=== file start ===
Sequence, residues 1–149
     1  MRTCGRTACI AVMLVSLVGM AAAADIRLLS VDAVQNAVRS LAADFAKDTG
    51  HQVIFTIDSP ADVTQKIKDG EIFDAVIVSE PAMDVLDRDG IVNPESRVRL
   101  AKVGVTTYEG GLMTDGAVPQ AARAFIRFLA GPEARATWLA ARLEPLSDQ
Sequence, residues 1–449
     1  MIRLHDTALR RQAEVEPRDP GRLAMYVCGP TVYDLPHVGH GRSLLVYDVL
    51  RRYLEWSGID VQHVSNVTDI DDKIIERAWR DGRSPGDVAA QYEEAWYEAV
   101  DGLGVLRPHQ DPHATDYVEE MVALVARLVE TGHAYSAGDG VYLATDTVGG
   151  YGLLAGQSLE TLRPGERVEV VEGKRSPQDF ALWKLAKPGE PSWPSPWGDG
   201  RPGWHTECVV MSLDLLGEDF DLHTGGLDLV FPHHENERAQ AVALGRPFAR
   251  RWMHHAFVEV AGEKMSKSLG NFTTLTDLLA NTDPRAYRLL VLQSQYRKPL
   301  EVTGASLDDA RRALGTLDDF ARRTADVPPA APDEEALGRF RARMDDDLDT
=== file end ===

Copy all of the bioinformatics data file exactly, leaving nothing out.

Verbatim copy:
Sequence, residues 1–149
     1  MRTCGRTACI AVMLVSLVGM AAAADIRLLS VDAVQNAVRS LAADFAKDTG
    51  HQVIFTIDSP ADVTQKIKDG EIFDAVIVSE PAMDVLDRDG IVNPESRVRL
   101  AKVGVTTYEG GLMTDGAVPQ AARAFIRFLA GPEARATWLA ARLEPLSDQ
Sequence, residues 1–449
     1  MIRLHDTALR RQAEVEPRDP GRLAMYVCGP TVYDLPHVGH GRSLLVYDVL
    51  RRYLEWSGID VQHVSNVTDI DDKIIERAWR DGRSPGDVAA QYEEAWYEAV
   101  DGLGVLRPHQ DPHATDYVEE MVALVARLVE TGHAYSAGDG VYLATDTVGG
   151  YGLLAGQSLE TLRPGERVEV VEGKRSPQDF ALWKLAKPGE PSWPSPWGDG
   201  RPGWHTECVV MSLDLLGEDF DLHTGGLDLV FPHHENERAQ AVALGRPFAR
   251  RWMHHAFVEV AGEKMSKSLG NFTTLTDLLA NTDPRAYRLL VLQSQYRKPL
   301  EVTGASLDDA RRALGTLDDF ARRTADVPPA APDEEALGRF RARMDDDLDT